Power levels are almost always implemented in one way or another, allowing you to control the output power of low, medium and high light. Some lights have 3-4 modes and some have complete control of 0-100 in 1 steps. Most lights are set to operate for about 1 hour at full power. Using light at lower power settings dramatically increases it life span, allowing you to use it for multiple dives before charging or changing batteries.

Generally, the more modes and levels you have, the more you can play with settings and effects. Nor should you spend hours underwater adjusting your gear or risk getting your subject away in the distance.

Beam quality, which one shoudl I buy?

The quality of the beam is usually measured according to how the beam is on the exit circle. The use of multiple bare LEDs may result in a less regular beam than a single LED or diffuser dome that distributes the light evenly. Some LEDs create a more uniform beam than others. Video lamp manufacturers will always have to compromise between a regular beam, power output, price, heating and other factors that create different types of LED formations. Another important factor is the CRI index acronym for Color Rendering Index. This number indicates how accurately the light will reproduce the true colors of life of the subject ideal light = daylight / tungsten. The higher the number close to 100, the more accurate the color will be.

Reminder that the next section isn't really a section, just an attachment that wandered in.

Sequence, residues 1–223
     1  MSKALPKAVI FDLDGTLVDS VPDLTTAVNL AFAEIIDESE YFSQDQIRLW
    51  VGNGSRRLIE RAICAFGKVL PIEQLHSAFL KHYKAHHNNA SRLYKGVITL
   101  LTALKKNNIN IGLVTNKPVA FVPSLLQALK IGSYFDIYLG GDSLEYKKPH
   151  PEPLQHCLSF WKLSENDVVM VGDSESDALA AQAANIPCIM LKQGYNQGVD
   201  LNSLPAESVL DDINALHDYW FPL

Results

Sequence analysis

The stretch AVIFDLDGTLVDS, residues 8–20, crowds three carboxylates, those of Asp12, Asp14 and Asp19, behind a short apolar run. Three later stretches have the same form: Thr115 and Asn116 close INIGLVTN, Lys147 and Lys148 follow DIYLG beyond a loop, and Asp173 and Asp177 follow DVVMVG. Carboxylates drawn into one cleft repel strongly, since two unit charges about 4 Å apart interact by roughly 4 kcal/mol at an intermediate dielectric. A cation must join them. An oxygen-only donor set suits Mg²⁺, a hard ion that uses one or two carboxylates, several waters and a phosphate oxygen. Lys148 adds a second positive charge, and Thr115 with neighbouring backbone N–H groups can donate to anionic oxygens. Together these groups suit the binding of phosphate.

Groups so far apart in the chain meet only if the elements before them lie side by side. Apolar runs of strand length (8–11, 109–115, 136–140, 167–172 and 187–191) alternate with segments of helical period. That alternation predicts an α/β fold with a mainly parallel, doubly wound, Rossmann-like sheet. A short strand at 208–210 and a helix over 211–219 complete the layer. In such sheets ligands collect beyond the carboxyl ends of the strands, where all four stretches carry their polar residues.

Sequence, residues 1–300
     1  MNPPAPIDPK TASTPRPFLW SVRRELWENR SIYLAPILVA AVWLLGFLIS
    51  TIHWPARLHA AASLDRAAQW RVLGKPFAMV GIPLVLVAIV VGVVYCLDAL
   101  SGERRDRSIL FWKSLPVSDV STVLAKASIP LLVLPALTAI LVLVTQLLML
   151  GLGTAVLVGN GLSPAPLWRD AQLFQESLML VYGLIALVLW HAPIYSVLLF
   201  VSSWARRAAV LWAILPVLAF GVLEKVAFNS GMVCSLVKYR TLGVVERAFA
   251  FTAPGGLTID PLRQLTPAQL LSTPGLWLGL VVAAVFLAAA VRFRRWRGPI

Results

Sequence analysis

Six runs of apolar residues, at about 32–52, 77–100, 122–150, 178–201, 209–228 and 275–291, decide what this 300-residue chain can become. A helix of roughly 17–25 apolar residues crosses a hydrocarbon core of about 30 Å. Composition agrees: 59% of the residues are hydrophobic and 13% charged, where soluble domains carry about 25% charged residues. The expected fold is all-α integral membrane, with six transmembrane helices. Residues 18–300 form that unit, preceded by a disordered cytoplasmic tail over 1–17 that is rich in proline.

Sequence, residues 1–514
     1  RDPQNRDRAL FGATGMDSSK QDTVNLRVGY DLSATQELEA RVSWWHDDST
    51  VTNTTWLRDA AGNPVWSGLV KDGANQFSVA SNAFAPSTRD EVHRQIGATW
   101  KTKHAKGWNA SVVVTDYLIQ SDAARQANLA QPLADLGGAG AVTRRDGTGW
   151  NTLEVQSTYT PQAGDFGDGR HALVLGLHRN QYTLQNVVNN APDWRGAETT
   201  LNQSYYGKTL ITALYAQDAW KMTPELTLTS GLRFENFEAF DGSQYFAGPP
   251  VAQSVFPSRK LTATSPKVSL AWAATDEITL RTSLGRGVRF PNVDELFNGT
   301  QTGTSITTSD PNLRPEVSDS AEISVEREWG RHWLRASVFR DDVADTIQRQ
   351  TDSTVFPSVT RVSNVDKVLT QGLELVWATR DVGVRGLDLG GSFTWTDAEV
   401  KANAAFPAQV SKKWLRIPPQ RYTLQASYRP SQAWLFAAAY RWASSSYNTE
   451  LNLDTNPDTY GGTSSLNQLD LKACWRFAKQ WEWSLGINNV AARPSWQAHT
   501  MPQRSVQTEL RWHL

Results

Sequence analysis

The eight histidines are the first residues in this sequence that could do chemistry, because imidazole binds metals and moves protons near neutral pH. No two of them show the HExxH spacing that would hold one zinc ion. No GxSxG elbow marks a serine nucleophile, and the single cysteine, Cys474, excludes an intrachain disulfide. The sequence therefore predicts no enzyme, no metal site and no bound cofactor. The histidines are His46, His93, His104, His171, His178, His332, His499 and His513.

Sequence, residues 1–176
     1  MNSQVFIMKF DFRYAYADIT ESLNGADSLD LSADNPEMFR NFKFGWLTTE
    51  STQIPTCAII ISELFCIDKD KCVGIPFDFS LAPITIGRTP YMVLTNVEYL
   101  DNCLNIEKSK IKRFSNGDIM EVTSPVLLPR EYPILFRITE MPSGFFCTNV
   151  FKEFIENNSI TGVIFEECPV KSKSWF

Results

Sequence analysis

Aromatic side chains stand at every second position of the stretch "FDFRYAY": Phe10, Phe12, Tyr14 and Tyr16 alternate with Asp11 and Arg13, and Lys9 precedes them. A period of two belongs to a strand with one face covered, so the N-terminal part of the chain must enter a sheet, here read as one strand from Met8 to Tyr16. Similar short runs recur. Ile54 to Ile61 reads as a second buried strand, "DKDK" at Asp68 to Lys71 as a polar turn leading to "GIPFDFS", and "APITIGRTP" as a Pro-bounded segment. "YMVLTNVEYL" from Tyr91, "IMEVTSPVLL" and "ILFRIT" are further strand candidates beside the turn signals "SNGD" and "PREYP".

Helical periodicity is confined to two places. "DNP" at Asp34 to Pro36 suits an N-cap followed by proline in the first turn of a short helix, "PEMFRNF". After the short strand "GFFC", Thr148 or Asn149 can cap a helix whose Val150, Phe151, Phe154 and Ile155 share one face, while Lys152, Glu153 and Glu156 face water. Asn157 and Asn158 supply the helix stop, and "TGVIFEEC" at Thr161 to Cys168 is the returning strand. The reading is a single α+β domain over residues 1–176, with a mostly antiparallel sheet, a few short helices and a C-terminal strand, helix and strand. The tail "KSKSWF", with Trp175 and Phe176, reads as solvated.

What mounts for your dive torch?

Before investing your savings in a new, overpriced light, consider the compatibility between this model and your underwater camera. If you do not consider this parameter, you will soon be forced to create Mc Gyver-like solutions based on thread and tape. Indeed, some models require appropriate supports to be grafted on the mount of your device. Most lights come with a default mount and optional extra mountings. Usually, you can not go wrong with a 1-ball mount or a YS mount that are easily interchangeable with each other.